Thoughts, essays, and writings on Liberty. Written by the heirs of Patrick Henry.

“Though the earth, and all inferior creatures, be common to all men, yet every man has a property in his own person: this no body has any right to but himself. The labour of his body, and the work of his hands, we may say, are properly his. Whatsoever then he removes out of the state that nature hath provided, and left it in, he hath mixed his labour with, and joined to it something that is his own, and thereby makes it his property. It being by him removed from the common state nature hath placed it in, it hath by this labour something annexed to it, that excludes the common right of other men: for this labour being the unquestionable property of the labourer, no man but he can have a right to what that is once joined to, at least where there is enough, and as good, left in common for others.”     John Locke,    Two Treatises of Government, Of Property

April 14, 2007

Book Review — Mean Martin Manning, by Scott Stein

by Brad Warbiany

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Some of you have probably notice me link the Scott Stein a few times in the past. I found him a while back, when he was looking for examples of humorous writing for a class he was teaching. In fact, I even got him to give me a literary critique of The Search For The Beast, which was quite helpful, and I hope to incorporate into future writing.

So I decided to pick up his new book, Mean Martin Manning. I actually paid for it, because his publisher apparently doesn’t give review copies to unknown bloggers with limited readership, but that’s alright, it was worth it (partly because it comes with little “extras” in the package, which is nice).

The book is a novel describing an exciting episode the normally uneventful life of Martin Manning, an elderly man who has spent 30 years shut off from the world. Surviving on cold-cuts, television, a collection of clocks and porcelain frogs, and ordering everything he needs from the internet, he’s quite happy to live without any human interaction whatsoever. But one day, in order to comply with a new government “Life Improvement” program, social worker Alice Pitney shows up. And all hell breaks loose.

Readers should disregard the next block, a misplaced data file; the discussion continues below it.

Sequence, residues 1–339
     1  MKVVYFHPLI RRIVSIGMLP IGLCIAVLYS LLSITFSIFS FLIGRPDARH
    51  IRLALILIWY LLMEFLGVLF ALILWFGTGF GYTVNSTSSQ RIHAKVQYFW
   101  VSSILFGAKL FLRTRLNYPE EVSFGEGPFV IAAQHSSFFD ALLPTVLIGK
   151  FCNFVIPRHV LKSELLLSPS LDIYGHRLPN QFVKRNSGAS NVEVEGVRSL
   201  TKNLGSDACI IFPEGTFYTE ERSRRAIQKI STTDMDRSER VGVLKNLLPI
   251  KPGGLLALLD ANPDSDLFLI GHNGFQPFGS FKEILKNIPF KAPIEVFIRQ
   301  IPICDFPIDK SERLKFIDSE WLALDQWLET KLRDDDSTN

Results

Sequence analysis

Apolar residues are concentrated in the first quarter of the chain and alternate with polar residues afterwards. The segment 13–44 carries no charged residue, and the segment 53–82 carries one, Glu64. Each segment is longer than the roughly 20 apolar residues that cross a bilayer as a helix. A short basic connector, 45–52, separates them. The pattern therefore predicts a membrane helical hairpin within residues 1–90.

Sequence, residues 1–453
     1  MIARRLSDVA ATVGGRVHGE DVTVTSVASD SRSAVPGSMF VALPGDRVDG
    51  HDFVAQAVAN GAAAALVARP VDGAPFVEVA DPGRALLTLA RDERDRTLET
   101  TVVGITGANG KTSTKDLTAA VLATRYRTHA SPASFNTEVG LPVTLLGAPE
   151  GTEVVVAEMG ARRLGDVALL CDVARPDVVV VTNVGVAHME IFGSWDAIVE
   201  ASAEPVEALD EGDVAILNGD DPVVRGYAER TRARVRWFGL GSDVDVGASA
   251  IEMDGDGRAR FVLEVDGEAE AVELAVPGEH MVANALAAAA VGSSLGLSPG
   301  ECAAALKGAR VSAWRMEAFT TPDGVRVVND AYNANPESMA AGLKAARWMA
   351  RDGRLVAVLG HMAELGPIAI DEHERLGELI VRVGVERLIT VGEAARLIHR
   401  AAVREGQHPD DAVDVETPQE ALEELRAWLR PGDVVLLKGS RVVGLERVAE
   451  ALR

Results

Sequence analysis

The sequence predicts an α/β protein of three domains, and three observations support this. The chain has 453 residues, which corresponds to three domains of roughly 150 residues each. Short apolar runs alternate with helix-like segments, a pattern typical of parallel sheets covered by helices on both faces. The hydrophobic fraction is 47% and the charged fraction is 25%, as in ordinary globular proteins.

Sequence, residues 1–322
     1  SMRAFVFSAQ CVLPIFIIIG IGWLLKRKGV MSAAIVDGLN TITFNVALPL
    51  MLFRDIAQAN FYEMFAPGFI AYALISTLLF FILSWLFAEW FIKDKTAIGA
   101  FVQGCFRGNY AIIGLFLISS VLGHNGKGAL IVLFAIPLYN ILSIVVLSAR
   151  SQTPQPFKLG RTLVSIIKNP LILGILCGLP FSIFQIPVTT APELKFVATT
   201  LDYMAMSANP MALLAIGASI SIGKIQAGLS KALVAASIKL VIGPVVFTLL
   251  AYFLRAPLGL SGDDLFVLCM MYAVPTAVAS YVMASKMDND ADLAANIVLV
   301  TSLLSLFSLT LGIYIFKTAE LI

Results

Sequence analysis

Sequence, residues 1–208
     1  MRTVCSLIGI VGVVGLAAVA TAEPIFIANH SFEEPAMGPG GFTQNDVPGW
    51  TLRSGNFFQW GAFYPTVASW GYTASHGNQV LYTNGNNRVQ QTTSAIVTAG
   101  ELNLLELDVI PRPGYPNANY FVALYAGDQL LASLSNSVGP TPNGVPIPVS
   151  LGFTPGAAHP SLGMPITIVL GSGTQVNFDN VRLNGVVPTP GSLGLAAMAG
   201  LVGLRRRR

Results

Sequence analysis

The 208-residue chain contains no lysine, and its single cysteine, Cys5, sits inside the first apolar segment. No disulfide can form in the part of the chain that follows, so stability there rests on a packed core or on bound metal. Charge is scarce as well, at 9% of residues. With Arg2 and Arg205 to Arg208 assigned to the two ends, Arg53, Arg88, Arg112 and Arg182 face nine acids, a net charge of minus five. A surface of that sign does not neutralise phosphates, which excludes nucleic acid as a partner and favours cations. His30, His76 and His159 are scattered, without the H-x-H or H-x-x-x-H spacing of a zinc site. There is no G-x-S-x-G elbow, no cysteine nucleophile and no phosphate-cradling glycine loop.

Armed with the full force and power of the state government, Pitney is determined to help a man who wants no help. He’s forced into the improvement program, where he’s expected to eat healthy foods, interact with all sorts of crazy characters, and the self-sufficient shut-in is treated like a child to be trained in how to be a better person. In his first group therapy session, Manning says it best:

“You poor saps can go for Pitney’s bullshit if you like— I won’t hold it against you. I just want to give you fair warning. It might not look like it, but as we speak, I’m in an epic struggle with Caseworker Pitney for my very soul.”

Immovable force meets a nanny-statist who won’t take no for an answer, and all sorts of hilarity ensues. Oh, did I mention that Stein is funny? This book doesn’t read like Atlas Shrugged, it pops with it’s collection of smart-assed narration and just-cartoonish-enough characters. The book has an air of the fantastic about it, but then again, when you hear about some of the things going on in Britain, it almost seems like it will be here shortly.

As for the politics, I can’t see many libertarians not liking the book, or not cheering on Martin Manning as he fights against those who want to control him for his own good. It gives a face and a name to the insidious nature of the nanny state. It reminds you that you should stand extra guard when they try to come after you for your own good, as C.S. Lewis once said:

Of all tyrannies, a tyranny exercised for the good of its victims may be the most oppressive. It may be better to live under robber barons than under omnipotent moral busybodies. The robber baron’s cruelty may sometimes sleep, his cupidity may at some point be satiated; but those who torment us for our own good will torment us without end, for they do so with the approval of their own conscience.

Overall, the book gets a hearty recommendation. It clicks in at just over 200 pages, so it’s a quick read, but long enough to develop the characters, put together a cohesive plot, and make it all interesting. As for distribution, I think you may need to go to the publisher directly on this one, though, unfortunately it’s not up on Amazon. Either way, check it out.


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